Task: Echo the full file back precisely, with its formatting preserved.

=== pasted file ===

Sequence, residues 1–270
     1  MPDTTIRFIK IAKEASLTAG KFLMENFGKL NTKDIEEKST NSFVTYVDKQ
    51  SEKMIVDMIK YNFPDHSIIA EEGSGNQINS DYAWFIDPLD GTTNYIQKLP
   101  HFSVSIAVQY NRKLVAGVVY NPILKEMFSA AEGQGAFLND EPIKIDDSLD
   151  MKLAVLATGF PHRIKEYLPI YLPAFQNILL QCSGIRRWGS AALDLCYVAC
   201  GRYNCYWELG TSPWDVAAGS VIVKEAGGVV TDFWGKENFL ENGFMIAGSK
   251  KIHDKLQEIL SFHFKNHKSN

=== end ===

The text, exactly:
Sequence, residues 1–270
     1  MPDTTIRFIK IAKEASLTAG KFLMENFGKL NTKDIEEKST NSFVTYVDKQ
    51  SEKMIVDMIK YNFPDHSIIA EEGSGNQINS DYAWFIDPLD GTTNYIQKLP
   101  HFSVSIAVQY NRKLVAGVVY NPILKEMFSA AEGQGAFLND EPIKIDDSLD
   151  MKLAVLATGF PHRIKEYLPI YLPAFQNILL QCSGIRRWGS AALDLCYVAC
   201  GRYNCYWELG TSPWDVAAGS VIVKEAGGVV TDFWGKENFL ENGFMIAGSK
   251  KIHDKLQEIL SFHFKNHKSN